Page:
Highlighted reviews

Science Fact

Stacks Image 452110
Infinite Life: Jules Howard **** 4 June 2024 - An exploration of eggs throughout the history of life might sound a bit dull - but the storytelling (and the fascinating nature of eggs themselves) overcomes any concern.
Stacks Image 452196
Quantum Drama: Jim Baggott and John Heilbron *** 29 May 2024 - Painstaking detail on the development of quantum physics. Great for historians or physicists, but not ideal for the general reader.
Stacks Image 452104
Gaia's Web - Karen Bakker *** 22 May 2024 - Important ideas on how effective use of data can transform environmentalism but the simplistic political stance and some writing issues weaken its effectiveness.
Classic reviews:
click the image to read the review.
Image
Stacks Image 451820
Machine Vendetta: Alastair Reynolds ***** 3 June 2024 - One of the best writers of intelligent space opera packs a huge plot into this finale to the Prefect Dreyfus trilogy.
Stacks Image 10373
The Affirmation: Christopher Priest **** 27 May 2024 - A fascinating, dream-like novel that takes the reader into the relationship between memory and reality, exploring what is real if memory can no longer be relied on - though it stretches things to call it science fiction.
Stacks Image 452198
The Coming Storm: Greg Mosse *** 17 May 2024 - Far too little happens in this sequel to a dystopian near-future novel - and it has a non-ending. Like a filler episode in a TV series.
Classic reviews:
click the image to read the review.


As an Amazon Associate I earn from qualifying purchases.

Latest Interview

Professor Emeritus of Psychology Chris French tells us why he taught a course in anomalous psychology (covering paranormal beliefs and more), how science approaches the paranormal and how long it can take to get a book published.

Image © Stuart Gennery

Fancy a break from science books?

Image

In the seventh Stephen Capel mystery, an impossible murder on a fairground ride opens up a trail that leads to Anglo-Saxon treasure, a mysterious tunnel and a deadly confrontation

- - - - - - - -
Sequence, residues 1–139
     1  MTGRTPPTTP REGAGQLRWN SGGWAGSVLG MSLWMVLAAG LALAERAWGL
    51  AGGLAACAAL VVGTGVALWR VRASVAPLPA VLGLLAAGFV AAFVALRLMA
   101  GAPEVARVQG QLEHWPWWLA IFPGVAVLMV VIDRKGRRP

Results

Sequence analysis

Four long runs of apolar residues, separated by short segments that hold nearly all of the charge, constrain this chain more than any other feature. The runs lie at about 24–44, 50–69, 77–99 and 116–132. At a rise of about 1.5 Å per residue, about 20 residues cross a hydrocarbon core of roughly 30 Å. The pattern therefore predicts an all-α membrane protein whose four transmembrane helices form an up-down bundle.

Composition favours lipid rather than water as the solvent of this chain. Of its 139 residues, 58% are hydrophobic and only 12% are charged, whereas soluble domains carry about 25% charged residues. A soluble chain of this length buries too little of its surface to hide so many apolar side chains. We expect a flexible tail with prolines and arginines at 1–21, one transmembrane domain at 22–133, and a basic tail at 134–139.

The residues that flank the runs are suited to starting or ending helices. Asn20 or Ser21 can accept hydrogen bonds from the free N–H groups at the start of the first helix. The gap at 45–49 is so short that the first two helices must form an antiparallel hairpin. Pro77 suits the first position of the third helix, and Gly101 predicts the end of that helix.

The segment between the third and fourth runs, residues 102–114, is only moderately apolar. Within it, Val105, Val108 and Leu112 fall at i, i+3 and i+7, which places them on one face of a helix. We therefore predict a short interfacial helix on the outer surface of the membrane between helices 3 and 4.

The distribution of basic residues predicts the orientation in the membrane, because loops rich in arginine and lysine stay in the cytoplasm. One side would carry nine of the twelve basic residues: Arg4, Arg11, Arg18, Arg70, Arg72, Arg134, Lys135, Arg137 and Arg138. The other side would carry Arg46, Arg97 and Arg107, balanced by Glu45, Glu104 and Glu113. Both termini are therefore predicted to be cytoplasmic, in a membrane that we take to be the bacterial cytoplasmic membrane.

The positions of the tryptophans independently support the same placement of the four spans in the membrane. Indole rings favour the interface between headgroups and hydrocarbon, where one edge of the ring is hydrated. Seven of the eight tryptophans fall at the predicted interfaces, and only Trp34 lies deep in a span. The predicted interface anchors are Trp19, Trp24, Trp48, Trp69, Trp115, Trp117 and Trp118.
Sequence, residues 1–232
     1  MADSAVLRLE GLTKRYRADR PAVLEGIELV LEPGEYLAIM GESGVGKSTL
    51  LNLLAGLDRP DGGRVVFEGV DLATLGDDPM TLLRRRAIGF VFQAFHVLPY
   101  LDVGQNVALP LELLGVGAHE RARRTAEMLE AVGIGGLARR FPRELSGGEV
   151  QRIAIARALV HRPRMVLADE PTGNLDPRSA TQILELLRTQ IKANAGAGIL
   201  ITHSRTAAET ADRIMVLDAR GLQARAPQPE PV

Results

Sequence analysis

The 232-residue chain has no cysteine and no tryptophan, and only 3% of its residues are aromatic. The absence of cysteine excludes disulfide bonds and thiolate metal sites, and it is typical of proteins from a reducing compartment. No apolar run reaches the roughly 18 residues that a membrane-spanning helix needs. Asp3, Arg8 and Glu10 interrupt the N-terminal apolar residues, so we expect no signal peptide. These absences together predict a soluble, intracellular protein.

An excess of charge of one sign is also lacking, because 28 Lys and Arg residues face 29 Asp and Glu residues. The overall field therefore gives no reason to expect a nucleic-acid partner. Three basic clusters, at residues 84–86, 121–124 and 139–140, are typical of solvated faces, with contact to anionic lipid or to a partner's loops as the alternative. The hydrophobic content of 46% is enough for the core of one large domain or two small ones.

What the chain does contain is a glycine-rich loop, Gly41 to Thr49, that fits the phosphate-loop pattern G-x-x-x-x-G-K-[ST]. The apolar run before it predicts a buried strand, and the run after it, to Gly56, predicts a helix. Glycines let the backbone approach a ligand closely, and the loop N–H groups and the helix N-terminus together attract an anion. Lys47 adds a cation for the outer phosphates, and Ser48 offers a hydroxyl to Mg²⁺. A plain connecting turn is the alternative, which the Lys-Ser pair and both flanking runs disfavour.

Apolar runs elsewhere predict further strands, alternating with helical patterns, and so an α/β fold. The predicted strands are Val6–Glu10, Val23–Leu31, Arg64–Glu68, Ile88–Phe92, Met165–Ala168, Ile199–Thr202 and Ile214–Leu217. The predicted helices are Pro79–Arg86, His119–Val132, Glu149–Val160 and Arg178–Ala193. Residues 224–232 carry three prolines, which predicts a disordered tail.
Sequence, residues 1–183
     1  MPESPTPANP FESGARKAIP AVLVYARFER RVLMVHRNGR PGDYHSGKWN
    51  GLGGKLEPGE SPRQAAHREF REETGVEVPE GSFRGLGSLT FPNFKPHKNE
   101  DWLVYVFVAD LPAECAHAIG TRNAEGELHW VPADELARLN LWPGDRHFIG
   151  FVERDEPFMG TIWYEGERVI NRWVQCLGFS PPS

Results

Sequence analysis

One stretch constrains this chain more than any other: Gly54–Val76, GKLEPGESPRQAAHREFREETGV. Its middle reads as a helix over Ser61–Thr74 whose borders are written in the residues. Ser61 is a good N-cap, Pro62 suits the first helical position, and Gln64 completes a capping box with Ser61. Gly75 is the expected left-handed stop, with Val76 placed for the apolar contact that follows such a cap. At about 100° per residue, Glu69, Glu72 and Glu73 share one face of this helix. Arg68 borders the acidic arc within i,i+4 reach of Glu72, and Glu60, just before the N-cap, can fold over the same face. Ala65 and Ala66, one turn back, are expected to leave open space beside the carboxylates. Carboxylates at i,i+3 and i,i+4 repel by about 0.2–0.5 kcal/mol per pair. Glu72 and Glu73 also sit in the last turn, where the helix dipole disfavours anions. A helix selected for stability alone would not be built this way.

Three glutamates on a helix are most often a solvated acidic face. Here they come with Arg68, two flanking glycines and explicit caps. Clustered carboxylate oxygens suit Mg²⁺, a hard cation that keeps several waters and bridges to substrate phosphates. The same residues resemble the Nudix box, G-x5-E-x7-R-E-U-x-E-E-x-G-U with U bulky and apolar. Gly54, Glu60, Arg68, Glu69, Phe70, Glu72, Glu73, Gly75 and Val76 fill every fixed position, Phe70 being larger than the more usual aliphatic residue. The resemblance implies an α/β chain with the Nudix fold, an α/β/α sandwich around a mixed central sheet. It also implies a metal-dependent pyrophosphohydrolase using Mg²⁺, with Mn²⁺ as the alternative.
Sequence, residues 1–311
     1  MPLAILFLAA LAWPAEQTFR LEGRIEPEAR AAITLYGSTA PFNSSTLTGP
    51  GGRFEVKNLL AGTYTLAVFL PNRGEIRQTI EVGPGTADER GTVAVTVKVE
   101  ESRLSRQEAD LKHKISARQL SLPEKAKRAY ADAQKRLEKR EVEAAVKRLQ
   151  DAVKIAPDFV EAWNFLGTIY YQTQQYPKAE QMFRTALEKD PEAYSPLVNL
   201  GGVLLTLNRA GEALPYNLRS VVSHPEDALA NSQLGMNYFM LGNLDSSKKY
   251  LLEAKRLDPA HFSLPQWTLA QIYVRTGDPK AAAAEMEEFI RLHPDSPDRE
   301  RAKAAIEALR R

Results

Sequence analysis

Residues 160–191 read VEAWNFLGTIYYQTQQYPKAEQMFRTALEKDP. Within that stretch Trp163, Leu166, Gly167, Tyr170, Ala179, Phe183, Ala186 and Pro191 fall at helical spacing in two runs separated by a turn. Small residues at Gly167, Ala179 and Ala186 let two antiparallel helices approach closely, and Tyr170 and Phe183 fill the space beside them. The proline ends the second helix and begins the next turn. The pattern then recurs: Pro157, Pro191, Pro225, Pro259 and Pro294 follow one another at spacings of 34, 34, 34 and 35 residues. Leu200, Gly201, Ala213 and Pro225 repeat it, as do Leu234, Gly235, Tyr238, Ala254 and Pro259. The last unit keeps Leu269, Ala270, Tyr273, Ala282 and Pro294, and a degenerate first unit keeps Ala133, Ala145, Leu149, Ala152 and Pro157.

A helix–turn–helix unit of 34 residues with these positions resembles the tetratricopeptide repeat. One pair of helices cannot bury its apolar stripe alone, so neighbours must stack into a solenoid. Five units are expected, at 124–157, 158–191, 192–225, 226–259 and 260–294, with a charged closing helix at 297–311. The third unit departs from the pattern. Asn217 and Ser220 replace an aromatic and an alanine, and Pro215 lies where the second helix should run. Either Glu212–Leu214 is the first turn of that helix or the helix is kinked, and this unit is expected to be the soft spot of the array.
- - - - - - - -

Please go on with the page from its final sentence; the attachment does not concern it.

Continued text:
When Stephen Capel and Vicky Denning meet historical fiction author Margaret LeVine at the Mop fair in Marlborough, they expect to discuss Capel's plans to start a literary festival - but on a fairground ride, LeVine is killed without anyone appearing to touch her. Soon, LeVine's is not the only life in danger as Capel uncovers connections in the literary world and the hiding place of a long-lost Anglo-Saxon hoard.

The Stephen Capel Mysteries bring the classic British detective story into the twenty-first century.

Feature - Speculation and Science

Our editor, popular science author Brian Clegg explains why, despite his concerns about speculation in science writing, had to include it in his latest book.

Image by Adrien Converse

Gift Guide

There’s nothing worse than choosing gifts for difficult-to-buy-for people.

But help is at hand: click through to the Popular Science gift guide.

Follow our editor on Facebook

Place an essay order online to get a superb paper from our knowledgeable writers.

Our writing service will satisfy your "
pay for essay" request for cheap


Scientific editing service to cover your needs.


Homeschool Online at Northgate 



DISCLAIMER
This site has no connection with Popular Science magazine or other sites and publications with a similar name.

The website should not be eaten or used where it can come into contact with water.

Much of the content of this site is written by popular science writers or friends of popular science writers. Inevitably many of the reviews in such a small community are written by or about someone we know. We always aim to be impartial in our reviews, but there is a connection which we need make clear, as there is no intention to deceive. The content of any review or article is solely the opinion of the author and should not be read or understood on any other basis. The site exists to promote popular science writing and popular science authors and for this reason should be considered promotional material, just as the editorial reviews in an online bookshop or the blurb on the back of a book should be considered promotional.
©2022 Creativity Unleashed Limited - Privacy Statement | Contact Us

Subscribe to free updates